A few weeks ago my friend Steve asked me to be on a panel for the Mark Twain House’s writers’ conference. I tried to figure out what I could contribute to a discussion of the “American voice” in literature. Panic ensued.
I began my searches by reading from David Bowie’s list of 100 favorite books. Who better to explain American lit than a Brit ex-pat? Plus he included The Street on that list, so his taste was obviously impeccable. I eliminated the Europeans and quasi-Europeans (Nabokov) along with the music related works.
Had made my way through Herzog (Bellow), Kafka Was the Rage (Anatole Broyard), As I Lay Dying (Faulkner). As the day approached, I cut out nonfiction and forged ahead with Passing (Nella Larsen).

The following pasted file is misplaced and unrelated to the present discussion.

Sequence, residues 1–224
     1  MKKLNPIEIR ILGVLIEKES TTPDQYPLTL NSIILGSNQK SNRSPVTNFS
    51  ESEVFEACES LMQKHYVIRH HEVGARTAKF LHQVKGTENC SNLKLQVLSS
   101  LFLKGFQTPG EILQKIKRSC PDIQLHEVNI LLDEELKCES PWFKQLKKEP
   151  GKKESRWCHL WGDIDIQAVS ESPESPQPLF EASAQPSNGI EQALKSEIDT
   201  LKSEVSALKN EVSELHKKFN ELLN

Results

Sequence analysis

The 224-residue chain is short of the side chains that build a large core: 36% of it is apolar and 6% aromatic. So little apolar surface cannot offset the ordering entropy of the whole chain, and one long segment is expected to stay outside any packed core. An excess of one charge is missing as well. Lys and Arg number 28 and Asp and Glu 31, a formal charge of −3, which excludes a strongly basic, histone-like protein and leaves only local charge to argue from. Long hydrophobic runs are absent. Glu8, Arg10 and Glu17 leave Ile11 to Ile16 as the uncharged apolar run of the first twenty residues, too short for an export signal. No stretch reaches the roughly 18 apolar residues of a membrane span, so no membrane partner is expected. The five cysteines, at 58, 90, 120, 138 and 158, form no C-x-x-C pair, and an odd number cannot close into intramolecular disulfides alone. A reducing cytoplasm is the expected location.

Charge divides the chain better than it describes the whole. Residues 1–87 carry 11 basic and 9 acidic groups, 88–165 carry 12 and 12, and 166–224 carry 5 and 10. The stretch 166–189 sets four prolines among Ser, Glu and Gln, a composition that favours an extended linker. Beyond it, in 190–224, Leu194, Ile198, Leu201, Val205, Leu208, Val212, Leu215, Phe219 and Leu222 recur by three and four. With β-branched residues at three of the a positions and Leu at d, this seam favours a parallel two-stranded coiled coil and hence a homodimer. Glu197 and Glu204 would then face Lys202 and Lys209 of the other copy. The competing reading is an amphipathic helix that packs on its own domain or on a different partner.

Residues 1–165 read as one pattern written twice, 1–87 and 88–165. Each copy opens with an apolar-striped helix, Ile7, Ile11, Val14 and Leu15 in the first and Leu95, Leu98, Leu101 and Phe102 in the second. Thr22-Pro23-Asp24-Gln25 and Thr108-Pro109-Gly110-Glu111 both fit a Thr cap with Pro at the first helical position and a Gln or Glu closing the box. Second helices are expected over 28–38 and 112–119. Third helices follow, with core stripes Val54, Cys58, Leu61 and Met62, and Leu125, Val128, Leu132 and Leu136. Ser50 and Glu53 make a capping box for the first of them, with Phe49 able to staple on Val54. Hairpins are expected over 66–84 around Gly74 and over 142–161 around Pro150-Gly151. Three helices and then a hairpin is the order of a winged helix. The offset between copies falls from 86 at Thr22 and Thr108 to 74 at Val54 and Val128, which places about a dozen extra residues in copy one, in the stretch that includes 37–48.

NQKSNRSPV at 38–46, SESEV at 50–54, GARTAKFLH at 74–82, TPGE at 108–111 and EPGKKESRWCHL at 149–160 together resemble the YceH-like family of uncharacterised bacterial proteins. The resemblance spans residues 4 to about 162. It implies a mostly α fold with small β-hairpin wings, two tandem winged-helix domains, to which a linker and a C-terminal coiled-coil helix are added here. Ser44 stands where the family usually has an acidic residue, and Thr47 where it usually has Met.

Steve then mentioned that it was the American voice in contemporary fiction. Yikes! A quick mental review produced only Gone Girl and California as works of recent vintage. I grabbed Junot Diaz’s The Brief Wondrous Life of Oscar Wao, which quickly left New Jersey for the Dominican Republic, so I picked up Wonder Boys by Michael Chabon.
Then a reprieve! The conference will occur in September instead of this weekend.
Reviews will follow, as will the reading. So far, I understand Bowie’s every selection, all but for Passing. It seems terribly dated and must have been when he read it.